"I had just entered the highway via a long entry ramp, running through the gears to the top gear. Travelling on a brand new highway, no crosswind, going in a straight line. I had installed a windshield just prior to that ride, but don't know if it had any affect."

    Last edited by a moderator: Sep 17, 2010

    NEWHD74FAN Experienced Member Retired Moderators

    Actually in this case the windshield probably made the problem much worse if it was a handlebar mount one. Large windsail, out of round front wheel, questionable tire condition and steering head bearing/preload...certainly a lot of factors. Adding accessories on the front end should not be taken lightly and road worthiness tested prior to for static baseline, and after installation...long and hard at different speeds and such.
  6. catfishon

    catfishon Member

    not had this happen on my harley but i did have a 79 goldwing with full fairing that would start to wobble anytime i went fast and let off the throttle to fast. im pretty sure this was all due to the fairing and as long as i gave it more throttle it would stop . i would then back it off slow and it was ok .
    but it would always scare the (EDIT) out of me.
    sorry to hear of your loss.

    Please read this...
    A Friendly Reminder - Harley Davidson Community
    Last edited by a moderator: Sep 27, 2010
  7. sprinklerfitter669

    sprinklerfitter669 Junior Member

    Sorry for your loss.
    Have not had this happen to me, but i will be doing more research.
  8. Patriot

    Patriot New Member

    I had the "Death rattle or Harley high speed wobble" happened to me for the 1st time just the other day! Hope it never happens again!!! Heres the bike & scenero:
    94 Road King newer tires, Windshild, hardbags.
    Riding about 70 mph on a highway turn not sure it had embankment. Halfway through turn, the front end started shaking & shimmying and was difficult to keep in the turn. Lucky the highway had middle lane and no oncomming traffic. I regained control in the middle of the oncomming traffic lane by applying gradually both brakes, keeping it straight and leaning hard to the right without turning the handlebars because turning seemed to make the wobble much worse. I finally regained control about at the 45 mph I think. Carefull drove home through many more turns very slowly with no further incidents...thank GOD!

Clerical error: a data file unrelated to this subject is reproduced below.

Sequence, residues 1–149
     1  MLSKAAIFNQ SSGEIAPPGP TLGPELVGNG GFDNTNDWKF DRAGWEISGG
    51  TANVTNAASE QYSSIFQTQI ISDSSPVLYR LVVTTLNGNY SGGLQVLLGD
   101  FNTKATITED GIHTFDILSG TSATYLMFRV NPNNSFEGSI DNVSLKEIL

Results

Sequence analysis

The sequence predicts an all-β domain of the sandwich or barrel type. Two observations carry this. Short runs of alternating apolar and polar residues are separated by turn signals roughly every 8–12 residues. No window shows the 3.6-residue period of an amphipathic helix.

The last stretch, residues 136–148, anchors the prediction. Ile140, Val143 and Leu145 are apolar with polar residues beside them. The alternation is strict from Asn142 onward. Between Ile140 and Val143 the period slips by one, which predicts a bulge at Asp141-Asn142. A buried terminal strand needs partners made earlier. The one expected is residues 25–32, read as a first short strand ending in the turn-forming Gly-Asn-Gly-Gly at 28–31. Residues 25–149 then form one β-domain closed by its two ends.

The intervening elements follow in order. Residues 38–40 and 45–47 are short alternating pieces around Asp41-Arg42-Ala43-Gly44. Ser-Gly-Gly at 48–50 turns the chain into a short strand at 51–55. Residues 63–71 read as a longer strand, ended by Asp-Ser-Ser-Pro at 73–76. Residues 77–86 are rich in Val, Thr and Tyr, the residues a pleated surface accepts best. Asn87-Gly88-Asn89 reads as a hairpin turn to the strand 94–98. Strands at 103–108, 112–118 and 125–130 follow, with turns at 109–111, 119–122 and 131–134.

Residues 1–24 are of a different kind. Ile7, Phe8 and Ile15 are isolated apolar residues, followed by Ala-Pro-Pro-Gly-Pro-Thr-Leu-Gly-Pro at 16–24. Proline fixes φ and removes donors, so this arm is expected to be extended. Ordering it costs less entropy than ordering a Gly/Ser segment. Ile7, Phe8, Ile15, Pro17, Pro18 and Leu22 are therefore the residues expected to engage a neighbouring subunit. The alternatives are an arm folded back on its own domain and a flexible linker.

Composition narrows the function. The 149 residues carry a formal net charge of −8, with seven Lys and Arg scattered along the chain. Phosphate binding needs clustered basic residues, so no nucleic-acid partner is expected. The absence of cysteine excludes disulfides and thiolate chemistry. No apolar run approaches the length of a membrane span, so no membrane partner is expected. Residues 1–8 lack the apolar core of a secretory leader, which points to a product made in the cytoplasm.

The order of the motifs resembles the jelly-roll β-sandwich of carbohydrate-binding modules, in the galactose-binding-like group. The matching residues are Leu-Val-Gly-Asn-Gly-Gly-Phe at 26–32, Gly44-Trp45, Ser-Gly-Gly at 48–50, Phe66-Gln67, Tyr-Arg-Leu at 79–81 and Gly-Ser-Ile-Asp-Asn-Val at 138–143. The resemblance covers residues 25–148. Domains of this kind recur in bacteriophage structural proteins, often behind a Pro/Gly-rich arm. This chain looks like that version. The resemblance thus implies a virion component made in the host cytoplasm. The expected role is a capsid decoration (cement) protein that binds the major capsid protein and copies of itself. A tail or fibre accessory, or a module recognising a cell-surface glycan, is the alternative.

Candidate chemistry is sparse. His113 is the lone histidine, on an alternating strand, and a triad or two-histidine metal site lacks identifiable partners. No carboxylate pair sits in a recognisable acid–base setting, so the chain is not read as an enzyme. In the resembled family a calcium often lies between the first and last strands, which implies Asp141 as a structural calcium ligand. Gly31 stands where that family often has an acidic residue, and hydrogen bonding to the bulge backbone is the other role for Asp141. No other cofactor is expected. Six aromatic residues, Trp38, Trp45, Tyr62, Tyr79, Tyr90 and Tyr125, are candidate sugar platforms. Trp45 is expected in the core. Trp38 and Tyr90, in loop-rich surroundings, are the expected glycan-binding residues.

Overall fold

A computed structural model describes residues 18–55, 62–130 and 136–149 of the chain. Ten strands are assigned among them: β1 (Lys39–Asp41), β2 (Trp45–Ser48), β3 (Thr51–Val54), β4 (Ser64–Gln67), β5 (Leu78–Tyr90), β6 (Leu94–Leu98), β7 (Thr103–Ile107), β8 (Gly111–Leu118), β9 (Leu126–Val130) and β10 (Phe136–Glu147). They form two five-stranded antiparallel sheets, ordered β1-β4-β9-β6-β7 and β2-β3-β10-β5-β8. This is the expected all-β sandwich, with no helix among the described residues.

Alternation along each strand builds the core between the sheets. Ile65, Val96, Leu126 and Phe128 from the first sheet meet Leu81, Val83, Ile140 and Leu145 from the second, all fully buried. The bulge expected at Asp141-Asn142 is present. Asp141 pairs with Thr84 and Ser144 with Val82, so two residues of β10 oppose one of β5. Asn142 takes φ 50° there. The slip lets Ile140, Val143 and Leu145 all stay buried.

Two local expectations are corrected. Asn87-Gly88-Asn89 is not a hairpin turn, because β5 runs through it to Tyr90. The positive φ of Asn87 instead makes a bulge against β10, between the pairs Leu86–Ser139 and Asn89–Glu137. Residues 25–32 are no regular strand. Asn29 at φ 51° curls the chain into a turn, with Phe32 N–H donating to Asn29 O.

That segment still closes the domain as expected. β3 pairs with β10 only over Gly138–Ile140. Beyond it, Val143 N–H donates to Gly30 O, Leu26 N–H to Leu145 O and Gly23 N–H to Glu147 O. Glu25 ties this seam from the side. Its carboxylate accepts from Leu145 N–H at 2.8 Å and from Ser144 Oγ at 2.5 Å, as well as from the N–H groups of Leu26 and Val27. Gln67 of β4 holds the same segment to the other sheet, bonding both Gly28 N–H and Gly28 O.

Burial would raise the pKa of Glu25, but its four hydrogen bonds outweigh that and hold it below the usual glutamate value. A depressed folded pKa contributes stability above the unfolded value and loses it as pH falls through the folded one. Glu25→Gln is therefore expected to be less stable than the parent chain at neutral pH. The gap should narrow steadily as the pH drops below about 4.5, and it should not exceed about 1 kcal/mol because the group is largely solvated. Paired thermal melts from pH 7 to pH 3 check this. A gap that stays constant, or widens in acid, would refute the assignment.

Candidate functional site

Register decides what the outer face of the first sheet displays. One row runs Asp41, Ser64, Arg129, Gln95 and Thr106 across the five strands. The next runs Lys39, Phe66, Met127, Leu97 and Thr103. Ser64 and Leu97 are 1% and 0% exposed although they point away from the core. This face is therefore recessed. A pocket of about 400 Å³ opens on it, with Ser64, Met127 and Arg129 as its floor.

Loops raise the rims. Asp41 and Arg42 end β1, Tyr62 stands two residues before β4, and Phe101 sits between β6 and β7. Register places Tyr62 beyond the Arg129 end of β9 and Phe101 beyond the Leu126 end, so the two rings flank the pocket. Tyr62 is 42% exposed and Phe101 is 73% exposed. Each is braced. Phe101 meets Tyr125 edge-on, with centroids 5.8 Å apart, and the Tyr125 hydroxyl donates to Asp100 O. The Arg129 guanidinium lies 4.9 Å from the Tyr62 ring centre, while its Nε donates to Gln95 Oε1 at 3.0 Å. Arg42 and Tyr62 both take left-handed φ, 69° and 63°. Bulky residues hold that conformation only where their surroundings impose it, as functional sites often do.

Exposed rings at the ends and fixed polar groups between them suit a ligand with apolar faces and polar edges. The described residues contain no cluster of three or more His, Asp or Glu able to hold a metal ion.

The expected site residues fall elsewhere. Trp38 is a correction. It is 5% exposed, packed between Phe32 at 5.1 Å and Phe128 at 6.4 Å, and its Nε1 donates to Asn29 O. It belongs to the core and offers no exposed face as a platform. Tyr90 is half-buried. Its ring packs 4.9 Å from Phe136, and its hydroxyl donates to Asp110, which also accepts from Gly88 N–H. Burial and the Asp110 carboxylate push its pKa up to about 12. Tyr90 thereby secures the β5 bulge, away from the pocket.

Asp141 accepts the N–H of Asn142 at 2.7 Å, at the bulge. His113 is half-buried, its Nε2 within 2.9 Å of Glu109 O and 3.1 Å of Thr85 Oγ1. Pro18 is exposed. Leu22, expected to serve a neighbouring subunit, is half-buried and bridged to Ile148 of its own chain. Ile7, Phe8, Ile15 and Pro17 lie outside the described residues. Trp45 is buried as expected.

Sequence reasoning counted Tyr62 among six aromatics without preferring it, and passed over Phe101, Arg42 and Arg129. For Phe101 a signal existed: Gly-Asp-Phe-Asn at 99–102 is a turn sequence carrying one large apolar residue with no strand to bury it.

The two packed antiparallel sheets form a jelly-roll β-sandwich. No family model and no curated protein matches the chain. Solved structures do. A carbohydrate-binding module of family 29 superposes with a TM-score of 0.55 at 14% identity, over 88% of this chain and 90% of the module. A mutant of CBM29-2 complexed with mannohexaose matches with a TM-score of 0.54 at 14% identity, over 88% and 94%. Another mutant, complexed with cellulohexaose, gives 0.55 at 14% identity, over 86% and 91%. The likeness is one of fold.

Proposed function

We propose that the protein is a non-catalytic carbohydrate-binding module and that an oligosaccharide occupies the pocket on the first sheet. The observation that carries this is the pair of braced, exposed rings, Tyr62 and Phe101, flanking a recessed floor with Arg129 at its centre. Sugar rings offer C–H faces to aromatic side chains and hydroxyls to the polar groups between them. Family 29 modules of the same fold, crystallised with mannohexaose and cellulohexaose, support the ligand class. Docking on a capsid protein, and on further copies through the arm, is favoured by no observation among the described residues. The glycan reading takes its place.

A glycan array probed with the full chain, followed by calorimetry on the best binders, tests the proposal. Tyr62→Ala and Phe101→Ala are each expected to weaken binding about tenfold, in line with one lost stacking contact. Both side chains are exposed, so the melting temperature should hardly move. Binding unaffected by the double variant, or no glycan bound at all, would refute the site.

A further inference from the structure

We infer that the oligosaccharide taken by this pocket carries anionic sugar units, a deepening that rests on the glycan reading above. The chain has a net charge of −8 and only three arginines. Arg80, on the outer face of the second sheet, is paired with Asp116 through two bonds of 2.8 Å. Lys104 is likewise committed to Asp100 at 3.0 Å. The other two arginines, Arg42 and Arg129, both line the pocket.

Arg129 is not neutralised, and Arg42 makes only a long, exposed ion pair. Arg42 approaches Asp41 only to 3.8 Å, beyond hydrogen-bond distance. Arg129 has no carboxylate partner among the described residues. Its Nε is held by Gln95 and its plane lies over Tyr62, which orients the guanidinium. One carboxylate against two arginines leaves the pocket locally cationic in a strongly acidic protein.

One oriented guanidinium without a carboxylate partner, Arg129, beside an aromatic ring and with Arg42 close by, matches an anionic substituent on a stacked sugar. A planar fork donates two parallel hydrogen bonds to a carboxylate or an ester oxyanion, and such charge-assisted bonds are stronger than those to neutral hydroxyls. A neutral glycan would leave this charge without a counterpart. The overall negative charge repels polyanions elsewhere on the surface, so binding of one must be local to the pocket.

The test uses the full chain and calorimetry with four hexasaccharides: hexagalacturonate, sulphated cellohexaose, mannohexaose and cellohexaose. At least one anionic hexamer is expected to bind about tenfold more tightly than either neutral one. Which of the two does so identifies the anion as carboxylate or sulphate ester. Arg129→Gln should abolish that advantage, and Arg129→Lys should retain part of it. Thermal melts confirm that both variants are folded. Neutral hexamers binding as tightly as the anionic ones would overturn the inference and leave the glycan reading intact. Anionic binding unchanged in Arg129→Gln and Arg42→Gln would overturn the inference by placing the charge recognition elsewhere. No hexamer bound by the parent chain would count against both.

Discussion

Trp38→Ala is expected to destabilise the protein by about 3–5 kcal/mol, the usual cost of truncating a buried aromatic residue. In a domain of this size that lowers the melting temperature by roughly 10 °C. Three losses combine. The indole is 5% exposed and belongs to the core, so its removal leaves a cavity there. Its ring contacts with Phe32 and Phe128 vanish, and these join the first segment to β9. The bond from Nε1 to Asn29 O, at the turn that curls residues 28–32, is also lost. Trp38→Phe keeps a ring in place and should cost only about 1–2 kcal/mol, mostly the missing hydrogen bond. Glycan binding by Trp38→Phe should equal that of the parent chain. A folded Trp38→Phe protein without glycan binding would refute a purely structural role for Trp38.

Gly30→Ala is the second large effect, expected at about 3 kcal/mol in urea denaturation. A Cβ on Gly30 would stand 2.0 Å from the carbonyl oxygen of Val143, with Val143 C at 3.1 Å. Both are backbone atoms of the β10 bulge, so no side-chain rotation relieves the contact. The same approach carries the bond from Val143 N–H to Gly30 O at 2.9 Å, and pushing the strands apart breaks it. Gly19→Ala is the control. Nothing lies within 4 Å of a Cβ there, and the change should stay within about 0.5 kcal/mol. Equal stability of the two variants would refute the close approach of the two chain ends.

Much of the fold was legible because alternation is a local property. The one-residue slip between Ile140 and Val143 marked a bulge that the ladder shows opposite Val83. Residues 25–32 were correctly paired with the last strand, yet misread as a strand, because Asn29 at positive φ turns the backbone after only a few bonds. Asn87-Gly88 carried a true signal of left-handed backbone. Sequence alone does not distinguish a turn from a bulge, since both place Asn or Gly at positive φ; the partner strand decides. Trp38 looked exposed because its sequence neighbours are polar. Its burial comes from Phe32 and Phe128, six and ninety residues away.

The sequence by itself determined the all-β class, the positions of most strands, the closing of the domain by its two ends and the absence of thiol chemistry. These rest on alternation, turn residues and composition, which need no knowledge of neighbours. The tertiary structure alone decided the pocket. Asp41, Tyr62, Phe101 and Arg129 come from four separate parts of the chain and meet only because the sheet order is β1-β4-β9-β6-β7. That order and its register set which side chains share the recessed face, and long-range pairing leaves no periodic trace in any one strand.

I'm here because I was researching what happened...and looking for advise & to share;' thios is my first time on this site. So far going to check out the neack bearing & repack it & closely check out the fork oil, measure & change it. Any other advise?
  9. sprinklerfitter669

    sprinklerfitter669 Junior Member

    Welcome to the Forum, and glad you made it through, to share your story. :s
  10. Hoople

    Hoople Account Removed

    Sounds like rear wheel steering caused by rear wheel alignment or engine/transmission rubber mounts being worn & too soft. Perfect rear wheel alignment along with correct axle shims so NO wheel offset exists between front and rear. That is a Must. Perfect rear wheel alignment in relationship to the front wheel is a Must (florescent light tube trick). Add a True-Trac 3 point stabilizer and I would bet you can say good-by to that wobble happening again.

    These are the "big hitters" I would absolutely check. There are also a bunch of other secondary reasons how/why that can happen.